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This course introduces the features of the V-Ray 2.0 rendering engine and demonstrates how to extend the range of Maya with its state-of-the-art tools, such as irradiance mapping, fur and hair textures and shaders, and stereoscopic 3D rendering. The course covers critical concepts such as creating basic materials, image sampling, color mapping, subdivs, and lighting, as well as the Render Elements, RT, and physical rendering workflows in V-Ray. Exercise files are included with the course.
As we're still working with our render elements Composite, you can continue from where we left off in the previous video or you can load the Chapter09 Elements_02 Composite file from your Composite files folder. Now to this point, we have managed to reconstruct our separate render elements. We have re-created the render as it would've come out of the V-Ray render engine. What we want to do now of course is dip into the power of a compositing approach to 3D rendering, by making some adjustments, some improvements hopefully, to our final image.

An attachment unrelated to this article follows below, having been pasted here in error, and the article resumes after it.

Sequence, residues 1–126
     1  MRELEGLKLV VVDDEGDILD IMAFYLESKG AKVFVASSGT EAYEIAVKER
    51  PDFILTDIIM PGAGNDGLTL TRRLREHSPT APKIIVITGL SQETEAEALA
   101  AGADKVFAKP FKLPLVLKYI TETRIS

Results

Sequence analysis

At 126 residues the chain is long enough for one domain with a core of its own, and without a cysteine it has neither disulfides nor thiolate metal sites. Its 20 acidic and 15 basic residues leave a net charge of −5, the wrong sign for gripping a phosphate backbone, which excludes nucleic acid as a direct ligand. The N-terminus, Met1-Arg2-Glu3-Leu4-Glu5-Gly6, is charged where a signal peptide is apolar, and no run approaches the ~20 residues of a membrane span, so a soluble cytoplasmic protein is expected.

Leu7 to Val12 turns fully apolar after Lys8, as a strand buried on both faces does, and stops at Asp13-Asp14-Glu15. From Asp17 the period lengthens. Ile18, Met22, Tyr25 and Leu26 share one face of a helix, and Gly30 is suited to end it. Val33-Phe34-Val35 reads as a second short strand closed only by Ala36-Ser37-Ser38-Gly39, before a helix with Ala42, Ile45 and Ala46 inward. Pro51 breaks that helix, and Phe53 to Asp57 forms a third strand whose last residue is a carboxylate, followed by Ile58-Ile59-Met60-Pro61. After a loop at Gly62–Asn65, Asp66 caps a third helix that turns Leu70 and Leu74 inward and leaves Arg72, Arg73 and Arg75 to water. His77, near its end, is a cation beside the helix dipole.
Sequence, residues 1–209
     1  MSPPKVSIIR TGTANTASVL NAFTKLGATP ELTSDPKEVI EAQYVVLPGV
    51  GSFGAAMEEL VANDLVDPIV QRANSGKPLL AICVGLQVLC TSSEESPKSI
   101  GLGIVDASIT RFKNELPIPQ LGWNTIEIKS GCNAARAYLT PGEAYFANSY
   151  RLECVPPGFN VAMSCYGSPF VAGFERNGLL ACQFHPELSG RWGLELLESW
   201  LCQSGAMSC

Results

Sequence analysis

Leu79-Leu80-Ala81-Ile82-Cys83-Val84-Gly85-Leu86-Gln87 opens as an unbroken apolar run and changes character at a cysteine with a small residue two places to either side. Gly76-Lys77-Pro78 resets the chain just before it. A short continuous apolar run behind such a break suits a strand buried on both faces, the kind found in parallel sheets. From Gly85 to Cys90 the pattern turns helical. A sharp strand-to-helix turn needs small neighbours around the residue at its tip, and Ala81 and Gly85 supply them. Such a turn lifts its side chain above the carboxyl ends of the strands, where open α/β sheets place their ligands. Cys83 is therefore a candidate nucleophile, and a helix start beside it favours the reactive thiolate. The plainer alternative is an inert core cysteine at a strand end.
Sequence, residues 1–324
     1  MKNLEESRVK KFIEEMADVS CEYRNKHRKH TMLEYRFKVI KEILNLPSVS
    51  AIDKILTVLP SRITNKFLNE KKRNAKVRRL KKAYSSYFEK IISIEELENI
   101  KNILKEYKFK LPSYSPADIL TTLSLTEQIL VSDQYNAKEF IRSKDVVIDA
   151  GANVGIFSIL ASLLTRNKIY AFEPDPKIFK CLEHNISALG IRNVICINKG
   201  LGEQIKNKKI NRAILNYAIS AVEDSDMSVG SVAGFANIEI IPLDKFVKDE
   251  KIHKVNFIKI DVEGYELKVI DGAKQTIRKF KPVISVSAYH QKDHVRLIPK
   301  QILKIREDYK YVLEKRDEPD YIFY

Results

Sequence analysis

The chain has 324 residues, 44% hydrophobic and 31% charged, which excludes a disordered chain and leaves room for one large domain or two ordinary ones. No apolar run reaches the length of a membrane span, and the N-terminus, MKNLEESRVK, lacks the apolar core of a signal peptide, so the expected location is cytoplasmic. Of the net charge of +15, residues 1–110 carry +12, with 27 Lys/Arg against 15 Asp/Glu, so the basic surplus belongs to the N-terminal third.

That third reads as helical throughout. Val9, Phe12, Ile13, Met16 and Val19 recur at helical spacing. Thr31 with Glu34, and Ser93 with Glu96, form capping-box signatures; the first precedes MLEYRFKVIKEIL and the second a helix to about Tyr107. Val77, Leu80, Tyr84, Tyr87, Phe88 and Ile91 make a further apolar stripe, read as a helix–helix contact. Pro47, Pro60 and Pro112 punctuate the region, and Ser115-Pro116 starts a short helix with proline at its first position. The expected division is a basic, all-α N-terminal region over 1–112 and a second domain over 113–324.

Now the first thing we want to do is add-in our ambient occlusion element. We are going to create some extra contact shadows in our image for ourselves. To do this, we need to come into our work area. I'm just going to middle-mouse click to bring up our Gate-UI, we will swipe across and we want to come to our Composition tools and we are going to grab another Blend & Comp tool and drop this in the work area. Now we want to take our existing chain and plug this into our Back input. We can take our ambient occlusion or V- Ray Dirt render element and we can pipe that one into the Front input.